# Degree inequality of a polynomial map distinguishing hyperplanes

Let $$H_1, \ldots, H_n$$ be $$n$$ linearly independent hyperplanes in $$k^n$$, for some arbitrary field $$k$$. Let $$X = H_1 \cup H_2 \cup \cdots \cup H_n$$. Is it true that if $$F=(f_1, \ldots, f_n)$$ is a polynomial map from $$k^n$$ to $$k^n$$, such that $$F(X) \cap F(k^n - X) = \emptyset$$, then $$\sum \deg(f_i) \ge n$$?

This holds under the stronger condition that for all $$a \in X$$, $$F(a)$$ has at least one coordinate equal to zero, and for all $$a \notin X$$, $$F(a)$$ has all coordinates nonzero: $$\prod f_i$$ then cuts out $$X$$, but since any polynomial cutting out $$X$$ has degree at least $$n$$, the conclusion follows.

More generally, for a variety $$X \subseteq k^n$$, define $$C(X)$$ to be the minimum of the sum of the degrees of the coordinate functions over all polynomial maps $$F$$ where $$F(X) \cap F(k^n - X) = \emptyset$$. Is this quantity equivalent to something that's well known? You trivially have $$C(X) \le n$$ by taking $$F$$ to be the identity map. Also, if $$X$$ is defined by equations whose degree-sum equals $$m$$, $$C(X) \le m$$. Is one of these inequalities always sharp?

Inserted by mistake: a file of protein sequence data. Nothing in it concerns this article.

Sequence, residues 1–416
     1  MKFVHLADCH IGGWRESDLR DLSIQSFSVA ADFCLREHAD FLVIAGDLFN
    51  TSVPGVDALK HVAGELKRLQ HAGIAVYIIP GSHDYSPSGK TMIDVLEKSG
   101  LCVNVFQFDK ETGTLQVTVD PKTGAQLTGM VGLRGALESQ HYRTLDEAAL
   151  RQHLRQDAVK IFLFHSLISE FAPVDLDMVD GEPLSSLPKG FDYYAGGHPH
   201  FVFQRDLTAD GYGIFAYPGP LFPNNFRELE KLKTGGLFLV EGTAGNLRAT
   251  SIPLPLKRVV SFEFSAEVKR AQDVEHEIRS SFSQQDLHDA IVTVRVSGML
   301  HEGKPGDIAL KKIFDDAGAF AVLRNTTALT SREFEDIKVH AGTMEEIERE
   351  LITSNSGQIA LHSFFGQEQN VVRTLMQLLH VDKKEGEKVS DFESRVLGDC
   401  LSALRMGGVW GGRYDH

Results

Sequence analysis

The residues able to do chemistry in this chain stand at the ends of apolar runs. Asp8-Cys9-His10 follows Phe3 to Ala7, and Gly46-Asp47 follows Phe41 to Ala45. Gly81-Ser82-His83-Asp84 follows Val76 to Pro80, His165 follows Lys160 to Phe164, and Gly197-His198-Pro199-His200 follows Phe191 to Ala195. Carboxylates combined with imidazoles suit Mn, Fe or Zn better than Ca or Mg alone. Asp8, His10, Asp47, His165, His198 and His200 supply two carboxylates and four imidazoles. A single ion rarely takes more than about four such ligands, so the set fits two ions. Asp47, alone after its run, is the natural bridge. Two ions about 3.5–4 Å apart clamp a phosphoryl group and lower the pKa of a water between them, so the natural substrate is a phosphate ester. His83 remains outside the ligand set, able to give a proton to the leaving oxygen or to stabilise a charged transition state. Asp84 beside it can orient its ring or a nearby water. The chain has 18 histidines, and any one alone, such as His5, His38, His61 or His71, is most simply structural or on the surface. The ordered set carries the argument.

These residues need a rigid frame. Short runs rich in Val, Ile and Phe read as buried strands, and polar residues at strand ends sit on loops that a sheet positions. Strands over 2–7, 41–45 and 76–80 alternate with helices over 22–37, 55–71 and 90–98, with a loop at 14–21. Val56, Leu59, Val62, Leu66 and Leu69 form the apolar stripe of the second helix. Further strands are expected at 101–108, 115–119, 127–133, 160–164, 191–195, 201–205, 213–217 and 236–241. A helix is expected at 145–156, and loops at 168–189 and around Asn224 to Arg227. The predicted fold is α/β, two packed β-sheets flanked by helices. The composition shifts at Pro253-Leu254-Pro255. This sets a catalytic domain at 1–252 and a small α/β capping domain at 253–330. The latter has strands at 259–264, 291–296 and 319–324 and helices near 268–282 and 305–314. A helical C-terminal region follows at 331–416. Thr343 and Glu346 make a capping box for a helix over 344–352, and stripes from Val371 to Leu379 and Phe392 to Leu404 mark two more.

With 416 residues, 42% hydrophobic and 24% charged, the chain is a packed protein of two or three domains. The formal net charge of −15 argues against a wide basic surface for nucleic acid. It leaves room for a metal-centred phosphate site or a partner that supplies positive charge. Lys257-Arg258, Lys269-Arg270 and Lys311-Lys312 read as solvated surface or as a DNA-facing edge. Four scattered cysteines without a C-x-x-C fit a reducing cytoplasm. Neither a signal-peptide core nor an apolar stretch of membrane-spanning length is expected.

Proceed by induction on $$n$$. By your reasoning it holds for $$n = 1$$. For arbitrary $$n \geq 2$$, take a generic hyperplane $$H$$ distinct from the $$H_1, \ldots, H_m$$, and apply induction on the restriction of $$F$$ to $$H$$.
• I'm having trouble understanding the induction. Say $n=m=2$. Restricting $F$ to a generic line through the origin, by the $n=1$ case the sum of the degrees of the restriction is at least 1. But you want to say this sum is at least 2. How do you get the +1? Jun 18 '20 at 0:40
• $m$ does not change. Since $H$ is generic, $H'_j := H \cap H_j$ will be nonempty for each $j$. Linear independence of $H_1, \ldots, H_m$ in $k^n$ "should" imply linear independence of $H'_1, \ldots, H'_m$ in $k^{n-1}$. In particular if $n = m = 2$, after restricting to a generic line you will have $n = 1$ and $m = 2$. Jun 18 '20 at 15:47
• How can you have 2 linearly independent points in $k$? Jun 18 '20 at 16:00